switcher in there "thinks" there was a dip in the input voltage and then
    goes through an undervoltage lockout scenario, followed by a re-start.
    Other than TVS'es and/or filtering on the outside there probably isn't
    much for you to do about it, other than finding a better switcher module.

    You could try a common mode choke at the input, right at the switcher
    module.
     
  4. Guest

    No luck yet. I tried a big clip-on ferrite around the L and N wires but didn't see much change. Will try more tomorrow. Also found a similar unit from CUI that is cheaper and might not have the problem.
     
  5. Joerg

    Joerg Guest

    No surprise there. A clip-on ferrite is for EMI, it does next to nothing
    against ESD. You could try a CM choke but only if it has several
    millihenries. Has to sit right next to the switcher module.
     
  6. Or even a Cx EMI line cap may help. A clip on bead wouldn’t do much,
    but 2 or 3 turns thru a bead may do more.

    Cheers
     
  7. Or even a Cx EMI line cap may help. A clip on bead wouldn’t do much,
    but 2 or 3 turns thru a bead may do more.

    Cheers
     
  8. Joerg

    Joerg Guest

    No, because AFAIK there is no metal. And the OP wrote, quote "I've tried
    connecting the earth ground to the power supply output common, but that
    does no good neither (BTW Aimtec suggested that". This is not much of a
    surprise because the hiccups usually happen on the primary side. Either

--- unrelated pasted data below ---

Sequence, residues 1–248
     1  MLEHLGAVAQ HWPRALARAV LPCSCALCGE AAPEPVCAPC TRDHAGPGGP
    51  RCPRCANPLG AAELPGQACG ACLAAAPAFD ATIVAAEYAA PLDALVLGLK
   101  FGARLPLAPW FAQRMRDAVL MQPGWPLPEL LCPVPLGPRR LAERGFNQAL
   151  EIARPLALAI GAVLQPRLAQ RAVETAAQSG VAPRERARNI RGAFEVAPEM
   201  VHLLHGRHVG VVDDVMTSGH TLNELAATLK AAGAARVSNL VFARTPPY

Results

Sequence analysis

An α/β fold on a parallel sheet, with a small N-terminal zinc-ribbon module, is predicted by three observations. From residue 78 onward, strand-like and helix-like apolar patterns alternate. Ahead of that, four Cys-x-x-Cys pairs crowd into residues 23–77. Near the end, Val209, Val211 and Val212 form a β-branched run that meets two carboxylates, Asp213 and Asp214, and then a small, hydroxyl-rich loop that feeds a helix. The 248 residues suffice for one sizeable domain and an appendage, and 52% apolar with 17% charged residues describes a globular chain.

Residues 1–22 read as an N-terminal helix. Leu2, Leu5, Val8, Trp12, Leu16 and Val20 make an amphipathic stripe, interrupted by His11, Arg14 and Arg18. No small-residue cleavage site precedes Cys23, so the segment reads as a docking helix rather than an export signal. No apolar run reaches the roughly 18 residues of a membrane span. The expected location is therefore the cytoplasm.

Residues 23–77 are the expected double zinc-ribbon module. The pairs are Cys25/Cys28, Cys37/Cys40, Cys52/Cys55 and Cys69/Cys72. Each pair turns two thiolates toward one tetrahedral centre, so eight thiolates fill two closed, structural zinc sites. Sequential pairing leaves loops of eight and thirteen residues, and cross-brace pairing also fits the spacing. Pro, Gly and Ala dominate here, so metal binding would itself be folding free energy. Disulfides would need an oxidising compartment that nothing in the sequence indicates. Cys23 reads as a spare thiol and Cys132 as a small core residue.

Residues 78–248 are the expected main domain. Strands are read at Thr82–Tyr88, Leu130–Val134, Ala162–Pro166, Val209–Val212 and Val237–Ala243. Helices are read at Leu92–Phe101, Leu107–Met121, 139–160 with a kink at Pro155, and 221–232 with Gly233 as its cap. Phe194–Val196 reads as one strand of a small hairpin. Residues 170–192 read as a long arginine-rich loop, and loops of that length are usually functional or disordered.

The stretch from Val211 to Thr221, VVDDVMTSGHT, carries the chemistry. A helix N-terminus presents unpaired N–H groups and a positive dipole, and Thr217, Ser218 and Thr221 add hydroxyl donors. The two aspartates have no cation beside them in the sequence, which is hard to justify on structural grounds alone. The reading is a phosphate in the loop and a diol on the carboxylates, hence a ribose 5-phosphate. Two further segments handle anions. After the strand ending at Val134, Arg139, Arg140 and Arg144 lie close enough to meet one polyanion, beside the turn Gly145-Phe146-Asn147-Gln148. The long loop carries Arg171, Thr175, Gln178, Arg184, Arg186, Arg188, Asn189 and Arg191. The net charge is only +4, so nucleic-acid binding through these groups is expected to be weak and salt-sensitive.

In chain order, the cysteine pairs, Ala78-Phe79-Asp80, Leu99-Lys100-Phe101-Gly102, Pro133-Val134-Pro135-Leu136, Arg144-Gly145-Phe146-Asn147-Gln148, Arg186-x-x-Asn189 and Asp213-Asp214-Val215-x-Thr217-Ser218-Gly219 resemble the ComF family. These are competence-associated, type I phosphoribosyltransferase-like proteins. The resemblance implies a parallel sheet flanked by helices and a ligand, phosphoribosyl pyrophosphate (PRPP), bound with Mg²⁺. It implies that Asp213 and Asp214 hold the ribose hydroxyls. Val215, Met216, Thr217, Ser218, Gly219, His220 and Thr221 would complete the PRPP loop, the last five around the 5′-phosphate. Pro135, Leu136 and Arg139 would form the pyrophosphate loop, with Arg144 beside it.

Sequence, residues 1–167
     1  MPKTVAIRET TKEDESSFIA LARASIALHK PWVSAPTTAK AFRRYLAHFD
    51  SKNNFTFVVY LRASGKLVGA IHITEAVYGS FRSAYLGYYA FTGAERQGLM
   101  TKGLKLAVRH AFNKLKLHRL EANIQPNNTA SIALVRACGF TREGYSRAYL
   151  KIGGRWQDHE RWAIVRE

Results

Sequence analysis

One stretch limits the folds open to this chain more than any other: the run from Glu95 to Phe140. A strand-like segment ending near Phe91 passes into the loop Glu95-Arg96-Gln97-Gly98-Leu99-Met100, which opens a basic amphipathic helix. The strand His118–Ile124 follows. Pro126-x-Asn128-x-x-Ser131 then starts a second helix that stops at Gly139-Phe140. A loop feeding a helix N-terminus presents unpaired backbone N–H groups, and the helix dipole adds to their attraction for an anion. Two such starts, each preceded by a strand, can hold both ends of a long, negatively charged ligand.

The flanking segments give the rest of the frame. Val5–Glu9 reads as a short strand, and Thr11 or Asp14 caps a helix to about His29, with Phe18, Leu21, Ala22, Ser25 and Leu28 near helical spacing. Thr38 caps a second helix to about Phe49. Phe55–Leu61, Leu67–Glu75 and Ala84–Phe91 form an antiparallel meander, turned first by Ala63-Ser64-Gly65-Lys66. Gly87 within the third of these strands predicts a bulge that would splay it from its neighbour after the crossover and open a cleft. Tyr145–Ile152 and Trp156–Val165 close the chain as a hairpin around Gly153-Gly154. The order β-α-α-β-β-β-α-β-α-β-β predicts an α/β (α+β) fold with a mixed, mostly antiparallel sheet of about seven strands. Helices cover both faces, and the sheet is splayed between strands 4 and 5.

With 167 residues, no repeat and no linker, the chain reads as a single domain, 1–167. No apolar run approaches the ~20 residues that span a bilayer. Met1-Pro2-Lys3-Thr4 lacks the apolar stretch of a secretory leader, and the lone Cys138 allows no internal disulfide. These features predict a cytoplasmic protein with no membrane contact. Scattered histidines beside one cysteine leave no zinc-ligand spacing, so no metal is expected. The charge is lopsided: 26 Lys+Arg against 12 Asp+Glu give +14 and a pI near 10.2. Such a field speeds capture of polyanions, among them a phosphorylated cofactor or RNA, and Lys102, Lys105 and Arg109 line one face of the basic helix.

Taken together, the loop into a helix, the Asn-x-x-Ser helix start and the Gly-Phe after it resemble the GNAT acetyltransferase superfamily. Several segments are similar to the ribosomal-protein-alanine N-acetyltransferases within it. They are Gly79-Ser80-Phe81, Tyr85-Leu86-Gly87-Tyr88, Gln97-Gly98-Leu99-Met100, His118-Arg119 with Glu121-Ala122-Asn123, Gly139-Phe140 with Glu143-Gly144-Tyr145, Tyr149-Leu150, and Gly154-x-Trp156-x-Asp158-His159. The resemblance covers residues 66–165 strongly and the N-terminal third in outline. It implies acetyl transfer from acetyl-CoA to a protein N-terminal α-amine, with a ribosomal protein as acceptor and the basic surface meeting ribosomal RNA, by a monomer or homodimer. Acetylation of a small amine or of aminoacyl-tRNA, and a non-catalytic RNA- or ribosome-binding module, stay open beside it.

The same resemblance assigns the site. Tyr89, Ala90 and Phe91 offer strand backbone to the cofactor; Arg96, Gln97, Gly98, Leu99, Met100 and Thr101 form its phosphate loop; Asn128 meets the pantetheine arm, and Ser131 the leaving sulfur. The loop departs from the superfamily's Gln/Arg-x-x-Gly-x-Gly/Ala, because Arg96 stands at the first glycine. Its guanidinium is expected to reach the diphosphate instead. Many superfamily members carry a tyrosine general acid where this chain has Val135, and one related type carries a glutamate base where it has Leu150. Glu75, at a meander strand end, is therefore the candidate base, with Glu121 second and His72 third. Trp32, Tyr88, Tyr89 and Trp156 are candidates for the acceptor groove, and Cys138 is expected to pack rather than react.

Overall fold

the IC goes through an UVLO sequence in the unlikely event that there is
    an IC in there at all, or the more likely transistor oscillator trips
    over itself.
     
  9. Joerg

    Joerg Guest


    Which is not connected to anything at the switcher, meaning it can only
    be coupled into line&neutral.

    As I said, I'd first try a common mode choke. TVS across the input may
    be another option but before I'd go that far I'd look for a better
    manufacturer.
     
  10. Guest

    Ok, maybe a solution. I tried ferrite beads on the input, but no luck. However I found a very similar supply made by CUI; same footprint, but only 12V out, not 5V+12V. However this isn't a big a problem to solve. It's cheaper too, and seems to be stable under the given conditions.
     
  11. Guest

    There is actually an IC in there. I took one apart because it was damaged by another test. It's a TOP256.
     
  12. Joerg

    Joerg Guest

    I like their LNK-series deivce but not too fond of the TOP-series.
    Anyhow, those TOP256 have a line surge shutdown protection. So if there
    is an ESD surge that protection feature could be tripped and then it
    goes through the re-start sequence. There is also an output OVP
    protection and the effect is very similar.
     
  13. Jasen Betts

    Jasen Betts Guest

    maybe there's a current sense resistor in the ground line?
     
  14. legg

    legg Guest

    The topswitch feedback pin needs local decoupling with a ceramic part,
    not usually included in the application literature, to prevent UVLO
    events that are associated with transients on the switch drain -
    whether self-generated or otherwise.

    If this local decoupling is not present, that's a long-term fix,
    probably outside your development budget or time schedule.

    RL